Cleveland-based musician James Donadio has drawn much attention within the dance scene under his Prostitutes guise, both for his industrious and noisy-sounding techno and his more experimental efforts. His third full-length, Petit Cochon, is a combination of the two, combining repetitive and interchanging drum machine patterns with noisy static and organic found sounds, shying away from the traditional techno found on the two-part Truncheon Cadence and moving back to his familiar-sounding output of releases such as 2013's Crushed Interior. On paper, the album looks like it is there to be offensive -- the Prostitutes name as well as Donadio being grouped with heavier artists like Shifted suggests this -- but it's quite the opposite.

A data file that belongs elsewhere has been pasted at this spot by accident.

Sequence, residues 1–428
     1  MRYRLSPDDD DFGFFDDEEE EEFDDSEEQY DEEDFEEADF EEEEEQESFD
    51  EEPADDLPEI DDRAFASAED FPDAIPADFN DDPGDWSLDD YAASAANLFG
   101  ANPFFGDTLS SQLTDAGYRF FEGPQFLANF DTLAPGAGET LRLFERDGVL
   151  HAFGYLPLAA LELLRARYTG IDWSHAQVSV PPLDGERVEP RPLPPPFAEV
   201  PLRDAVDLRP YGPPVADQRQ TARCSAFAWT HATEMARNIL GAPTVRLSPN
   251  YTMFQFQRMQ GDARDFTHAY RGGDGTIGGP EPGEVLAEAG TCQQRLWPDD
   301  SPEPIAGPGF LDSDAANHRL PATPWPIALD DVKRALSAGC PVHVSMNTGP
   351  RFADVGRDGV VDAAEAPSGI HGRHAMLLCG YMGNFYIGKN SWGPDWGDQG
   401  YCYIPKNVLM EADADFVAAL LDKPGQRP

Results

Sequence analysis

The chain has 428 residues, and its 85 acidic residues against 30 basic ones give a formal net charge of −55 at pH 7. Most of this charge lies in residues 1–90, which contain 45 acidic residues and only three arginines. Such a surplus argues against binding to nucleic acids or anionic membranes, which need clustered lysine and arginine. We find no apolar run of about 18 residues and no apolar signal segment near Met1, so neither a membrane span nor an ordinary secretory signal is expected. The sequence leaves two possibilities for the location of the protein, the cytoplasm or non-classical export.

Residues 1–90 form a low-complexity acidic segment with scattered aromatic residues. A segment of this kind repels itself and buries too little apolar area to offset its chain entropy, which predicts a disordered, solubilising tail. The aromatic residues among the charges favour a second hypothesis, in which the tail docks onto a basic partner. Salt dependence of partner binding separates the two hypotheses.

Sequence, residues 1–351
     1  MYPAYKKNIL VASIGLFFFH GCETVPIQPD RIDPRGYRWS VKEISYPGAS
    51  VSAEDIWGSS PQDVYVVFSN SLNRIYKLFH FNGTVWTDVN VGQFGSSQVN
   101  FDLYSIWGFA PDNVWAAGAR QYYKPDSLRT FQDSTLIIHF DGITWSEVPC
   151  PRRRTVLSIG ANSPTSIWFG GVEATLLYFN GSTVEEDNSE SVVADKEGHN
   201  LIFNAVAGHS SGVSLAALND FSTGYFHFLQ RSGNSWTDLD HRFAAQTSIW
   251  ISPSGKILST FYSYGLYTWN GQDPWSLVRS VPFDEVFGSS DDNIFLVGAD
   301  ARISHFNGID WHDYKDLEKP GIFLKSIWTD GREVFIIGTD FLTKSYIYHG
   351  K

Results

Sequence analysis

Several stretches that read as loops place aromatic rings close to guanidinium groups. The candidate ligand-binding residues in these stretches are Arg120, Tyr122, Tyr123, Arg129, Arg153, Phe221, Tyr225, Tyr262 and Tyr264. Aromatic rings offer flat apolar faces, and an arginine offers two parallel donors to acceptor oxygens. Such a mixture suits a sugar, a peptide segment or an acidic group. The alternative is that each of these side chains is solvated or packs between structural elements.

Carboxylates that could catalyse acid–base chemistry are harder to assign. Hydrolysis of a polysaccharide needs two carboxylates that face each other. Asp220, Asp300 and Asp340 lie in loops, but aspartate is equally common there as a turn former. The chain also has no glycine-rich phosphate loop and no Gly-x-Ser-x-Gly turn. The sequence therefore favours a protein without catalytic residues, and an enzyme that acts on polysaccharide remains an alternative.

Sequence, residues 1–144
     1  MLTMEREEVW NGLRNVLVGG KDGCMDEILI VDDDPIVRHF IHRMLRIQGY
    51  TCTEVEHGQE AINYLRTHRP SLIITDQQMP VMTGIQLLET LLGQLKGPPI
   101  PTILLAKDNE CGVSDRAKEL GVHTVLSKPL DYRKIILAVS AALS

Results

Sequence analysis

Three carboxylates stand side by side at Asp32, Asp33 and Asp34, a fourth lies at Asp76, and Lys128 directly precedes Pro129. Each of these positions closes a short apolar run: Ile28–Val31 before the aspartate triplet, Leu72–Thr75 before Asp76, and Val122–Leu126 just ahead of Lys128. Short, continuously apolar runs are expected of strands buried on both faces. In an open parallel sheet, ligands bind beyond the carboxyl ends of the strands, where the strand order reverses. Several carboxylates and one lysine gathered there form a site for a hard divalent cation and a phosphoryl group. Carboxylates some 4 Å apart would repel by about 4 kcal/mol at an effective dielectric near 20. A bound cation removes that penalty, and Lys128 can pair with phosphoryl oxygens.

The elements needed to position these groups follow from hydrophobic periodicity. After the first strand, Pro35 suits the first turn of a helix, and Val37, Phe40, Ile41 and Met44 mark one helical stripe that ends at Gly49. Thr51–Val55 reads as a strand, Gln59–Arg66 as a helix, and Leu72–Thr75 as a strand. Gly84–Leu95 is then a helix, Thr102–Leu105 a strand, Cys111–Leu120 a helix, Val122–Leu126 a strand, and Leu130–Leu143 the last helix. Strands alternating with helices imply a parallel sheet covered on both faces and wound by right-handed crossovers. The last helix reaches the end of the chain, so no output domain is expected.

It's dark in places, but never unnerving or that intrusive, and has vacant, reverberating effects as well as atmospheric layers that are both well-crafted and automated. Each track has its own individuality, shifting the sonic landscapes seamlessly without veering that far away from one another. "Build Your Kits" offers a club-based 4/4 kick, while "The Bluffer's Corporation" sounds like it could be a collaboration between the Boredoms and Actress. The record's best moment might be the last track, "Four Basic Forces," with its mesmerizing train-like rhythm, synth splutters, and a kick drum that progressively builds and then fades in and out, only to unexpectedly be brought crashing back in at the end. The album is a fresh and fascinating take on the destructive side of dance music and sits alongside some of the darker techno releases from Donadio's contemporaries.
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